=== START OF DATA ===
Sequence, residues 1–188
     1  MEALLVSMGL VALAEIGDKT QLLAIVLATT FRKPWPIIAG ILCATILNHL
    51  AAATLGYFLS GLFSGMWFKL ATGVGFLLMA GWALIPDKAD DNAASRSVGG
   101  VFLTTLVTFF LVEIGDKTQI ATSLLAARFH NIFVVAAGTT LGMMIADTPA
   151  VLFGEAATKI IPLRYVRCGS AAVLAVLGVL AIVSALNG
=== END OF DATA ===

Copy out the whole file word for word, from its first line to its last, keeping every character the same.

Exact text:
Sequence, residues 1–188
     1  MEALLVSMGL VALAEIGDKT QLLAIVLATT FRKPWPIIAG ILCATILNHL
    51  AAATLGYFLS GLFSGMWFKL ATGVGFLLMA GWALIPDKAD DNAASRSVGG
   101  VFLTTLVTFF LVEIGDKTQI ATSLLAARFH NIFVVAAGTT LGMMIADTPA
   151  VLFGEAATKI IPLRYVRCGS AAVLAVLGVL AIVSALNG